There seem to be Top 10 lists for everything these days so why not have one as well for **Luminex/Bio-Plex® Data Analysis**.

### 1. Use Data Points with at least 35 Bead or Microsphere Counts

35 is the minimum bead count needed for statistically significant analyses. MasterPlex QT Quantitative Analysis software for Luminex/Bio-Plex has a built-in feature for setting thresholds and marking outliers automatically for you based on many parameters including **MFI**, **bead count**, **concentration**, and **standard deviation**.

### 2. Use Weighting to Offset Heteroscedasticity

Heteroscedasticity is a situation that arises in almost all fields, including chemical- and immuno-assays, in which the variance of the dependent variable varies across the data. When dealing with MFI and concentration values, the concentrations usually increase as the MFI increases. When dealing with the high end of the standard curve, it is natural for the concentration values to have a greater variance when compared to the small concentration values on the low end of the standard curve. Many of the regression analyses used in analyzing Luminex data, such as the popular 5PL, **assume equal variance**.

For analyzing Luminex/Bio-Plex data, the **1/Y^2** (preferred) and **1/Y** weighting algorithms are recommended in addition to using the 5-PL model equation.

**1/Y^2**– Minimizes residuals (errors) based on relative MFI values**1/Y**– This algorithm is useful if you know the errors follow a Poisson distribution

MasterPlex QT offers these weighting algorithms in addition to a couple of other options.

### 3. Use the 5 Parameter Logistic (5PL) Nonlinear Regression Model

The **5 Parameter Logistic** or **5PL** nonlinear regression model is an asymmetric function that is ideal for analyzing Luminex immunoassay data. Learn more about the 5PL model equation.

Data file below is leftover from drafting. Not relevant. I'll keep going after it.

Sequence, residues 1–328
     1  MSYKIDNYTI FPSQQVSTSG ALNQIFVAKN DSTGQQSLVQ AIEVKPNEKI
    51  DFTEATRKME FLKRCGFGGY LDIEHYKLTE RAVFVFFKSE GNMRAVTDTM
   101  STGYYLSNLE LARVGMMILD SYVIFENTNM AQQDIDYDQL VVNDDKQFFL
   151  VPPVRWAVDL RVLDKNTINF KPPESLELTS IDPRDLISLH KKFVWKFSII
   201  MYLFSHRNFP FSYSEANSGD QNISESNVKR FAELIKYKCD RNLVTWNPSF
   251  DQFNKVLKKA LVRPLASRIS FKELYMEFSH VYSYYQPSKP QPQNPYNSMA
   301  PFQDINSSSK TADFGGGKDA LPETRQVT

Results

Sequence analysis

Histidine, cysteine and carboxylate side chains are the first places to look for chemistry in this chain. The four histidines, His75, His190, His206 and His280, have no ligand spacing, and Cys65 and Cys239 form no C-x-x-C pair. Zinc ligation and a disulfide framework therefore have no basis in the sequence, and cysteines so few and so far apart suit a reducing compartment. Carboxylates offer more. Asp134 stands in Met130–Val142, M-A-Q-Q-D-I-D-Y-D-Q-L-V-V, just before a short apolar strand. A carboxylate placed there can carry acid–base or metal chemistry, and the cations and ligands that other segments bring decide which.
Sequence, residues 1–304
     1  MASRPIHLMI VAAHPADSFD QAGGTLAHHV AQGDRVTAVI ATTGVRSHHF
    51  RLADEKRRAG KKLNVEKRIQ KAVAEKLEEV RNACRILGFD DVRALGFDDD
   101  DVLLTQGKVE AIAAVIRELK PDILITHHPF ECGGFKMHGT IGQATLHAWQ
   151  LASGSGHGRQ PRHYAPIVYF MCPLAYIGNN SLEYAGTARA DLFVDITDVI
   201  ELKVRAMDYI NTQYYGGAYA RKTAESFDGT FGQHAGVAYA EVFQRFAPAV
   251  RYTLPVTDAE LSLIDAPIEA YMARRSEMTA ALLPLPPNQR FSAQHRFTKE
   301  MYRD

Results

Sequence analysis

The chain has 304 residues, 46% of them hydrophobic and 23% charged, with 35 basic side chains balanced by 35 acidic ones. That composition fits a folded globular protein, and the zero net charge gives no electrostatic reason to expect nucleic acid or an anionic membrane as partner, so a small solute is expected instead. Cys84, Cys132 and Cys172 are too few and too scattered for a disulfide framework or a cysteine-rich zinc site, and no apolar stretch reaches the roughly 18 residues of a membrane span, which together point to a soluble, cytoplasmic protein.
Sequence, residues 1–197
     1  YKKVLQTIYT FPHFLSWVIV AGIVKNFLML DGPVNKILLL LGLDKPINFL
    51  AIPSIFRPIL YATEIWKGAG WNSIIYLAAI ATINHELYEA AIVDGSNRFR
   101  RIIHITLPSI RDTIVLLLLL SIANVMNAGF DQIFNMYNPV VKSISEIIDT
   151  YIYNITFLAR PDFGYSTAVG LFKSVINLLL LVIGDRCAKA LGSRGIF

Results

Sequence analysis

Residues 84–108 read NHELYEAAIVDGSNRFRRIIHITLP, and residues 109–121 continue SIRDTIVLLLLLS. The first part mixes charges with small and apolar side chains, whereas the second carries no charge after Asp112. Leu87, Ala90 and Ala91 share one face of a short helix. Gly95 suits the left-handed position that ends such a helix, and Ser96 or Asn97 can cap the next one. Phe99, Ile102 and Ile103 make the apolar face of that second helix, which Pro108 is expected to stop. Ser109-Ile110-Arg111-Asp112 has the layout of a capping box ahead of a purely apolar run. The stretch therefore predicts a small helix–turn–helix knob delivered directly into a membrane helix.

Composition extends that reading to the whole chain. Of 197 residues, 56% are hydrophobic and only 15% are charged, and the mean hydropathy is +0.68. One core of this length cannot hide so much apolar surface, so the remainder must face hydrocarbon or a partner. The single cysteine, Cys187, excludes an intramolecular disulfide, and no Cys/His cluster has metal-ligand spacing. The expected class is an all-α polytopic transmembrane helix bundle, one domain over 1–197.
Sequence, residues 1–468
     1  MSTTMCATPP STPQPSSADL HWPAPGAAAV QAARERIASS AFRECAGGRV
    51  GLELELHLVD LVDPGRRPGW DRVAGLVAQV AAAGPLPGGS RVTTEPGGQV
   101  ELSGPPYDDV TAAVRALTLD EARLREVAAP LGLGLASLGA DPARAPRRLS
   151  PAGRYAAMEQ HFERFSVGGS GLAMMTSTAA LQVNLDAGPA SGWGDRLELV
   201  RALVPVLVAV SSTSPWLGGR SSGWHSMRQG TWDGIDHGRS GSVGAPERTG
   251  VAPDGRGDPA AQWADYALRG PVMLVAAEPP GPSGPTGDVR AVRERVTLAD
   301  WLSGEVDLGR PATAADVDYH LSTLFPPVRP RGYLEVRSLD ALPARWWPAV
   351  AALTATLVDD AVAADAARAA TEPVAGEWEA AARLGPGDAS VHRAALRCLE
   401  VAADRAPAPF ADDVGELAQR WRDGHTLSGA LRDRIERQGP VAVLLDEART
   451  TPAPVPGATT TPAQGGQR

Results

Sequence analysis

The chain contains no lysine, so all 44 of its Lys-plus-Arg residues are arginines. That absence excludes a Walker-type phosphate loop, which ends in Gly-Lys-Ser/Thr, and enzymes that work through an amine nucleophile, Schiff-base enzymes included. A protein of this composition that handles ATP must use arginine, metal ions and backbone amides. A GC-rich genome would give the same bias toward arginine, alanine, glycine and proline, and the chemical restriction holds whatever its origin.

MasterPlex QT offers the 5PL curve-fit regression model in addition to a number of other curve-fitting model equations.

### 4. Run your samples in replicates

Having replicate samples will bring good karma in addition to the following:

**Backups**– If one sample well is accidentally prepared, you will have backups that you can rely on.**Statistics**– Naturally, you will obtain more reliable results when dealing with a larger pool of data. You will also be able to obtain statistics such as %CV and standard deviation that will tell how much variation or dispersion you have amongst data points of the same replicate group.

MasterPlex QT allows you to group your replicate samples and automatically generates the **mean**, **%CV**, and **standard deviation** statistics for the **MFI **and **concentration** values.

### 5. Knock out those standard outliers

One of the simplest ways to identify outliers in your standards is by analyzing the **Residuals** and **% Recovery**.

**Residual**= Calculated Concentration – Expected Concentration**% Recovery**= ( Calculated Concentration / Expected Concentration ) * 100

% Recovery is a better metric to use because it is a relative metric. Obviously, the further the % Recovery deviates from 100%, the higher the probability that the data point is an outlier.

Although there is no strict rule or standard on what the limits are for considering outliers, I tend to mark any standard that has < 50% recovery or > 150% recovery as outliers and that has generated pretty good results.

MasterPlex QT has a user-friendly interface that allows one to view the Residuals, % Recovery, and the Standard Curve all at the same time while being able to mark outliers.

### 6. Use controls

This should go without saying but it is quite alarming for me to see that most of the analysis data files that I see are missing control groups. It should be as important as your background groups. Not only will they tell you if your assay worked but knowing this information is invaluable when it comes time to have to troubleshoot when something goes wrong. As you may already know, the workflow for the Luminex/Bio-Plex technology can become quite complicated and there are many opportunities for things to go awry. Having control groups will keep you sane.

### 7. Use a sufficient standard curve range for your unknowns

Extrapolation is the process of inferring or estimating the concentrations for points that are within calculable limits but outside of the standard curve range. Extrapolations are often less meaningful especially when the values lie on the flatter parts of the curve. Please read this blog post for more on the dangers of extrapolating data.

There are several ways to avoid extrapolating data:

- If your unknown MFI is